Time was essential here, because – and this is something else that I NEVER KNEW ANYTHING ABOUT – there was ANOTHER concert coming up on April 25 at the Nordic Ice Arena featuring a little band called REO Speedwagon.
Yes, if you’re keeping score at home, both KISS and REO Speedwagon performed concerts in Hartland in April of 1975, and I never knew anything about it.
In any case, in April of 1975, the only thing that anybody in Hartland was thinking about or talking about was the KISS concert at the Nordic Ice Arena. And with the REO Speedwagon concert coming up in just a few days, they started flooding the letters-to-the-editor sections of the Livingston County Press and Brighton Argus with letters like this:
The Hartland Township Board also got an earful from residents. The president of the nearby Hartland Shores Estates subdivision, Warren Carr, wrote a letter to Supervisor Harold Armstrong, saying, “This was obviously one of the most inept and stupidly planned events to occur in our area in some time. These violations not only show a disregard for the welfare of the people in attendance, but a complete lack of respect for the well-being of the residents of Hartland Township, especially those in the immediate area.”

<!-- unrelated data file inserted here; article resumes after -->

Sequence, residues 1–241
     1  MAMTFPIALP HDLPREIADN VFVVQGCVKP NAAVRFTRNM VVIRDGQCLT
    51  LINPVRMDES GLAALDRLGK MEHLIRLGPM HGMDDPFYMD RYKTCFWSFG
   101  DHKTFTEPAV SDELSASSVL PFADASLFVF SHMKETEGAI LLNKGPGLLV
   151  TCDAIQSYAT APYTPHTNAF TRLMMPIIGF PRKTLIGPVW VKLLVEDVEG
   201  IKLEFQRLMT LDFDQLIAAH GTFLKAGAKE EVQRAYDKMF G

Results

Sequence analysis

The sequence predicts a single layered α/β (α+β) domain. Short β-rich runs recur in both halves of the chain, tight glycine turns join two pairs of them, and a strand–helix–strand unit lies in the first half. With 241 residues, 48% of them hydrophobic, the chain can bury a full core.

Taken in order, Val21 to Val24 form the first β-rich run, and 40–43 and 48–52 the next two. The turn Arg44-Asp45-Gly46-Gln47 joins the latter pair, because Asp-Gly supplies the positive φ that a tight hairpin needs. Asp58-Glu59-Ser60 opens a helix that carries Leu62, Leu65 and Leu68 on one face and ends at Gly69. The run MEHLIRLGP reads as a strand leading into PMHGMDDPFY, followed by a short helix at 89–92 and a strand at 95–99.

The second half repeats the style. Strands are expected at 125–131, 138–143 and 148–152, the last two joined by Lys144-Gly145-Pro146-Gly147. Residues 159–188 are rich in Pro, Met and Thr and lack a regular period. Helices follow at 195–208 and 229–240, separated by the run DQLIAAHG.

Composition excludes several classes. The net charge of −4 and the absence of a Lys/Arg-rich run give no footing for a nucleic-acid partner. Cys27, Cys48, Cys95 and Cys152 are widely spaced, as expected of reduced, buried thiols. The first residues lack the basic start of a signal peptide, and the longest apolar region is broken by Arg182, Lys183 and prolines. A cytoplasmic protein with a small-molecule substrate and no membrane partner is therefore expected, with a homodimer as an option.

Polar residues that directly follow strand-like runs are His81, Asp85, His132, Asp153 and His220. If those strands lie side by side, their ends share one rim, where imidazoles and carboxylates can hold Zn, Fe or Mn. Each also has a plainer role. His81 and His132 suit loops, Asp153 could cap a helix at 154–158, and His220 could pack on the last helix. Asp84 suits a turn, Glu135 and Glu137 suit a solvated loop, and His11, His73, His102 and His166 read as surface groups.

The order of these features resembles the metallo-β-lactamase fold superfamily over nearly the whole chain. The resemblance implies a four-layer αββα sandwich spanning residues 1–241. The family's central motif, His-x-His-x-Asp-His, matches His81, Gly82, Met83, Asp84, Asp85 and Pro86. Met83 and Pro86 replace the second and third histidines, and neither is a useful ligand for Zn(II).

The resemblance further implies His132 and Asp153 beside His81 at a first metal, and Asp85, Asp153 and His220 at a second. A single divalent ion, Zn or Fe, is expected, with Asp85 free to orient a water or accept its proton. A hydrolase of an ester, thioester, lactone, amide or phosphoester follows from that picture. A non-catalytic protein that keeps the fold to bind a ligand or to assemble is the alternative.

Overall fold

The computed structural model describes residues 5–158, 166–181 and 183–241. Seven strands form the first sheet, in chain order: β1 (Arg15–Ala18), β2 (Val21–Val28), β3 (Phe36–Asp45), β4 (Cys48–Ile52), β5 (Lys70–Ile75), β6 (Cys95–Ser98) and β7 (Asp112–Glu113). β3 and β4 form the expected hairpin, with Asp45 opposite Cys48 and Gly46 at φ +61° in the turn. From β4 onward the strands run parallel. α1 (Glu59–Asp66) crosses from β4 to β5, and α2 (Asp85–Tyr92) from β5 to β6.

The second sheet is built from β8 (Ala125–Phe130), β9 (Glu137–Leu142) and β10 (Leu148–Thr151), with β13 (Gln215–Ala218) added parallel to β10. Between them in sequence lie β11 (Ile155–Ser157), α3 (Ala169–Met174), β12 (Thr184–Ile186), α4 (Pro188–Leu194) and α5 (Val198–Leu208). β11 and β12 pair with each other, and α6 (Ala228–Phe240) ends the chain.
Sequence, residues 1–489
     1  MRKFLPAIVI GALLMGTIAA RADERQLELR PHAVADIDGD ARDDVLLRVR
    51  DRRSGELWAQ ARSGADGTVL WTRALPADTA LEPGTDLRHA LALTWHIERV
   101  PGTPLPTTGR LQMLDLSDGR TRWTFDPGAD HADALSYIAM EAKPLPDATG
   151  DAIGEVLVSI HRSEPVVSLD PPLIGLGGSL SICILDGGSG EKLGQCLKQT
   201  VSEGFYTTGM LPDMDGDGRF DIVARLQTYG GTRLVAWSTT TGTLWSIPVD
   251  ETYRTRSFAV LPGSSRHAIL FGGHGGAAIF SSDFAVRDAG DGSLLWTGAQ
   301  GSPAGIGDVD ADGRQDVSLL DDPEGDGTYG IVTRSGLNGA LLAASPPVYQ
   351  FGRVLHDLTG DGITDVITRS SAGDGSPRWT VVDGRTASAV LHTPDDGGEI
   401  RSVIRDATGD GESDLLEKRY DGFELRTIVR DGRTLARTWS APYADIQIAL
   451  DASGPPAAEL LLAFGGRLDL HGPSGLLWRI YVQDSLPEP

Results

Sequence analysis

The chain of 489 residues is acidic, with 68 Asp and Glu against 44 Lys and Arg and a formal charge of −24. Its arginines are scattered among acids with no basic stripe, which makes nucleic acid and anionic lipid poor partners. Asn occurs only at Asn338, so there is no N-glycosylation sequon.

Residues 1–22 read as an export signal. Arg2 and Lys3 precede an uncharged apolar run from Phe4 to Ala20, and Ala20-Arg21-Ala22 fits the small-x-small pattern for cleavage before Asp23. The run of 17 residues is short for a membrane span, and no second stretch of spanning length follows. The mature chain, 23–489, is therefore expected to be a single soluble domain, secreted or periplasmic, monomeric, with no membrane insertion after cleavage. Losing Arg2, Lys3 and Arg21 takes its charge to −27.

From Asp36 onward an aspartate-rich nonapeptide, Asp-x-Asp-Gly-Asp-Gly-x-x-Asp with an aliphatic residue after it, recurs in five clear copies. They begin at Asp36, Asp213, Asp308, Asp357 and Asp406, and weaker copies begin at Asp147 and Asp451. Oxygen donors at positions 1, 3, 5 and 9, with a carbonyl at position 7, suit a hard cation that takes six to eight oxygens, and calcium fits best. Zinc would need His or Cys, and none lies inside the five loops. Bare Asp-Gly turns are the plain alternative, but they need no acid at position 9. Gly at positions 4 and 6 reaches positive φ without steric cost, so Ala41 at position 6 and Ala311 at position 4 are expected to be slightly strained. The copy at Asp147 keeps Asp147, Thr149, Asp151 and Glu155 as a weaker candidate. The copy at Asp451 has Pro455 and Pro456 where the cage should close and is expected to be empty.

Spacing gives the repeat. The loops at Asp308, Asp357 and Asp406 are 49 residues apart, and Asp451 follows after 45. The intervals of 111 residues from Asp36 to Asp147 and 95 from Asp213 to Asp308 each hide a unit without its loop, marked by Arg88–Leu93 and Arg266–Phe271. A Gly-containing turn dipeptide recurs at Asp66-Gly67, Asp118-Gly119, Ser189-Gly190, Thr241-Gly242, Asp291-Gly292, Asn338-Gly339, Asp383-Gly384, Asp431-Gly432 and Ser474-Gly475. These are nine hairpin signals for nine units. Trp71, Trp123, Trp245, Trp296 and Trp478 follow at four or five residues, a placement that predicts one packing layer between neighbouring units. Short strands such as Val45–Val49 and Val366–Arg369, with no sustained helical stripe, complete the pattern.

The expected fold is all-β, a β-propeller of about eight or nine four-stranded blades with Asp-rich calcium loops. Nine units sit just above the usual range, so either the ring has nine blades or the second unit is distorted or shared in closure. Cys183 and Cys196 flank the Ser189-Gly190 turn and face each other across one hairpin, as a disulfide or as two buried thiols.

Judge Mahinske eventually lifted the temporary restraining order with a few restrictions, and the REO Speedwagon concert on April 25 went off with only a few minor hitches. Harry Demas then promised that he wouldn’t sell as many tickets to future events, and that he’d keep the bathrooms open so that people wouldn’t have to pee in the Food Town parking lot.
It looks like the concerts pretty much went away after that, though. By 1978, the Nordic Ice Arena was sold and had changed its name to the Livingston Community Arena. The building became a BMX track in 1982, and was torn down a few years later.
As for KISS, well … they did pretty well for themselves after the Hartland concert. Pretty well, indeed.
And that’s the amazing, incredible, untold story of the 1975 KISS concert in Hartland. I’m still mad at myself that I never knew about this before, and I’m still mad that none of you 5,000 people who went to the concert ever told me about it.
If there’s anything else I should know about – say, for example, if the Beatles once performed at the Howell Opera House or something – now would be a good time to tell me.